Updated: Feb 19, 2019
You'll often hear talk of a "Mother in Law Suite", a "Carriage House", or even an "Accessory Apartment". What does that really mean?
Let's explore this topic a bit with a focus on Snohomish County in Washington State. We'll call Snohomish County "SnoCo" for short, and use "ADU" for our Carriage House/ Mother-in-Law/ Guest House. This article is specifically for detached ADU's, we'll cover attached ADU's at a later time.
SnoCo has two primary categories for detached ADU's:
Accessory Apartments, and
Both of which are used to describe a living space, either temporary or permanent in nature, that is built on your property in addition to an existing home (aka your house must be built first to be eligible for these structure types). Each of these has its pros and cons; we think the easiest way to differentiate the two is that ADU's are more regulated, but can be used for revenue-generating rental spaces with permanent residents. Guest Houses, on the other hand, have quite a bit more freedom but are meant to be temporary living spaces.
Let's dive in. Accessory Apartments, (ADU's) are up first.
How big can my ADU be?
The main question we hear when it comes to ADU's is the allowable size. Here's an excerpt from SnoCo Code regarding detached ADU's:
"The floor area of a detached accessory apartment shall not exceed 40 percent of the floor area of the single family dwelling unit to which it is accessory, or 850 square feet, whichever is less."
In other words, you can build an ADU that's 40% as big as your house, so long as it does not exceed 850 total square feet. Keep in mind that the entry way of your Denali or Huntington counts toward that limit.
Looking for a Barn Pros barn with a small apartment? Check out the Caretaker here.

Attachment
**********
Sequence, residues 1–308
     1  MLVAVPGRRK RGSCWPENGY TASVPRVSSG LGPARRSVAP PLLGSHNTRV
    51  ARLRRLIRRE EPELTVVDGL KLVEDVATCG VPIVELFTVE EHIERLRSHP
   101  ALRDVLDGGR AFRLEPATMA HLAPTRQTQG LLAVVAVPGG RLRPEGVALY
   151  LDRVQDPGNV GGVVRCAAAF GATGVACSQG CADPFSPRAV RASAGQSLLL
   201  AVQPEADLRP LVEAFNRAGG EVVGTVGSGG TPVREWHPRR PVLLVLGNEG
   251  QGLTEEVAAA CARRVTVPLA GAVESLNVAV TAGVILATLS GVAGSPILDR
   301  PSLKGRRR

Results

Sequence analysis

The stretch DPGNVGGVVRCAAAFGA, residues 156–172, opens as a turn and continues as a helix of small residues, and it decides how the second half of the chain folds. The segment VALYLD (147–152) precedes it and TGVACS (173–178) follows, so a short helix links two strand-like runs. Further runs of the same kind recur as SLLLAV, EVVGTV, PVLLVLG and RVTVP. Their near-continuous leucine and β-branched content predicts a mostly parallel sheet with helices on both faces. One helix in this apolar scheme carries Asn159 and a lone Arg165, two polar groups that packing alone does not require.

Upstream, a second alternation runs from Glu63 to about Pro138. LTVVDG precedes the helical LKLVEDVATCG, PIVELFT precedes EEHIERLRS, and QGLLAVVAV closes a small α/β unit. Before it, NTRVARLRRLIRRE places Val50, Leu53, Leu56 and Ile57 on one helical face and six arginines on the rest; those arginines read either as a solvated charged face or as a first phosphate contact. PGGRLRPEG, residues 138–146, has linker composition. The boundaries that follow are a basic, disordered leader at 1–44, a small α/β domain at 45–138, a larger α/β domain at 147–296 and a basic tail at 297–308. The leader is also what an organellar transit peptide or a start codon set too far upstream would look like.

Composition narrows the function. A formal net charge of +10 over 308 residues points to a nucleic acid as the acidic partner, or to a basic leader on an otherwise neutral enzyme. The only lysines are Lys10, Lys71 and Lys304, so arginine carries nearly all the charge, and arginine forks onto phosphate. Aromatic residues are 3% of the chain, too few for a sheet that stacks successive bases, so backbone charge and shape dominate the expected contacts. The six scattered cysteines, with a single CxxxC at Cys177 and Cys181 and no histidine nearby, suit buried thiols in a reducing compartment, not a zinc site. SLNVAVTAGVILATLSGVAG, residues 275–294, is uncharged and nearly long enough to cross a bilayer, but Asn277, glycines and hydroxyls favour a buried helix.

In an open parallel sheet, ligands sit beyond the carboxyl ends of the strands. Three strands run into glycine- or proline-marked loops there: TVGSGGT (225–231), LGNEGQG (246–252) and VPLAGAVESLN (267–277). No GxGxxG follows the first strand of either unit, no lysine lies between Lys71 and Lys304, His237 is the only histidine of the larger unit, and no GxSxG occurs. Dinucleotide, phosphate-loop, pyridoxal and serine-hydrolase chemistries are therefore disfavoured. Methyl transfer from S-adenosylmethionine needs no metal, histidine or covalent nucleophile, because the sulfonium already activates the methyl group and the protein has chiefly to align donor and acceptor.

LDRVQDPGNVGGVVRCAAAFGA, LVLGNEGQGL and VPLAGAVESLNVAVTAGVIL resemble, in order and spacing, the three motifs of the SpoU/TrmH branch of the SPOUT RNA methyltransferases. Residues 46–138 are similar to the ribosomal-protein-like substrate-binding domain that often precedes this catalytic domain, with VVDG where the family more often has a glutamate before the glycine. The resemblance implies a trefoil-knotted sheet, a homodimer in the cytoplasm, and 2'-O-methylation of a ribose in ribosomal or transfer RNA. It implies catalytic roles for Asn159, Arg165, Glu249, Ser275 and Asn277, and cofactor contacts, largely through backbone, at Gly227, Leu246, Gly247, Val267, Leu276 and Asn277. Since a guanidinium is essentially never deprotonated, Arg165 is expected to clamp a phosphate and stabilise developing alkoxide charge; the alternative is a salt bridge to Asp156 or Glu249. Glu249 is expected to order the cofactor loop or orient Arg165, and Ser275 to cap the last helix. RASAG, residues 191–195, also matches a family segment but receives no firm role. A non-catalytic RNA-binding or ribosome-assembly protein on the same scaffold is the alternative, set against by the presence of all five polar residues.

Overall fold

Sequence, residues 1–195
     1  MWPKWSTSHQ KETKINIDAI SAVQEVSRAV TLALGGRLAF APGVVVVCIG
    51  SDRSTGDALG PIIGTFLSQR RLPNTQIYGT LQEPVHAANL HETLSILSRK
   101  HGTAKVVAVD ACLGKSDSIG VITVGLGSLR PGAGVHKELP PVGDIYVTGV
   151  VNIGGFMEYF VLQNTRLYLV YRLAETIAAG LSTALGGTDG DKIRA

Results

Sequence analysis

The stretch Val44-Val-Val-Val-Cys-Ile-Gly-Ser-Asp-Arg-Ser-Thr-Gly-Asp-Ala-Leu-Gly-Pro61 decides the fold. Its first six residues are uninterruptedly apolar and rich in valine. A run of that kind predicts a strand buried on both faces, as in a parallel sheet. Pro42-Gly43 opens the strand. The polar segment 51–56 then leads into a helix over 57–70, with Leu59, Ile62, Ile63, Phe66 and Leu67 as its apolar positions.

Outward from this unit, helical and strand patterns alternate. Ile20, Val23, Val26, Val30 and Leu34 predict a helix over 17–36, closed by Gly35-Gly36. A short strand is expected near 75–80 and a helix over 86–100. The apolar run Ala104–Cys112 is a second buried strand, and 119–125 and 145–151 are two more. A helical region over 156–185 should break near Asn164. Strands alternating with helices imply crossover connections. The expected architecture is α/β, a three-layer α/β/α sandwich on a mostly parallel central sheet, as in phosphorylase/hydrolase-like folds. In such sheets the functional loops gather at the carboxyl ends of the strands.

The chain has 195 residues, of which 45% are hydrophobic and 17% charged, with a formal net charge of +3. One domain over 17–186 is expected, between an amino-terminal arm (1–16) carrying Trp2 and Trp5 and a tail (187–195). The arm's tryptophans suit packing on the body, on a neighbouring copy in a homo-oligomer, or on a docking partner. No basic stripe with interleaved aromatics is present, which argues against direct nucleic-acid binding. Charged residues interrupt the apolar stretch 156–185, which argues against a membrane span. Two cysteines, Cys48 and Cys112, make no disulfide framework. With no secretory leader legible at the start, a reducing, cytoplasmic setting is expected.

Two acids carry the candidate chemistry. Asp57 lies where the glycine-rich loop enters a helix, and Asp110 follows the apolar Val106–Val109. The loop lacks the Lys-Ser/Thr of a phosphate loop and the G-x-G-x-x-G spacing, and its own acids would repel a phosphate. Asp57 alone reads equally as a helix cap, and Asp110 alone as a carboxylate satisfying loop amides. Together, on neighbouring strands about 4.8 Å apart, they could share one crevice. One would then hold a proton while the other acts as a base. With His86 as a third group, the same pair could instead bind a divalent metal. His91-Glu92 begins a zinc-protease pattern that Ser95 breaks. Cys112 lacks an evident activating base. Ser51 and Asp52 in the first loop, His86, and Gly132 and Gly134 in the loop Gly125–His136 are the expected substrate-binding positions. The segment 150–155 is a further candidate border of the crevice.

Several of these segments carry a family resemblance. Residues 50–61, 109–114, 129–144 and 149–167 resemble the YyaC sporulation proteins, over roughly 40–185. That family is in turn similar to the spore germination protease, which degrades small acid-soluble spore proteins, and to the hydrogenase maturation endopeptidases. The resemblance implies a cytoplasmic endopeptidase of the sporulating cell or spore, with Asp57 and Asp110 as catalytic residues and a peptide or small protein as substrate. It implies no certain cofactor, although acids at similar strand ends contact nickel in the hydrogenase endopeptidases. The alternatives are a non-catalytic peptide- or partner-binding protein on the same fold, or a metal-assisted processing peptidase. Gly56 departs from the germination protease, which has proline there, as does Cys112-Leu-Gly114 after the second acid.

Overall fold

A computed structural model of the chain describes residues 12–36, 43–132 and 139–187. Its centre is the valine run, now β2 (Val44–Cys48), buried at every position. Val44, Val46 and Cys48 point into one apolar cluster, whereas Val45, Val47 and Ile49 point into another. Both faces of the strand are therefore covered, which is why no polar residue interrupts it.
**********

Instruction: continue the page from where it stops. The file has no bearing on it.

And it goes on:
What counts as usable square footage?
Naturally, the next thing you may wonder is what counts for usable size. The County will compare square footage of your ADU to your house using the same measurement (net square footage or gross square footage).
Check out this PDF from the University of Cincinnati for definitions, but here's a quote to summarize:
Gross Square Footage (GSF): The Gross Square Footage is calculated from the outside of the exterior walls and is inclusive of all space within minus areas that are open to below.
Net Square Footage (NSF): The Net Square Footage is the total square footage of all the rooms/areas on a floor. This includes assignable and non-assignable rooms. Note: NSF calculations do not include wall thickness or space that is open to below.
Essentially, you can measure square footage with or without wall thickness to your liking, but you must use the same method when measuring your house for SnoCo to play ball.
A few considerations:
Stairs and entryways are considered Usable Space... design wisely!
Garages, Porches, and Unfinished Basements are not considered usable space and are not counted with the total. Hooray!! (Barns also fall under the exemption).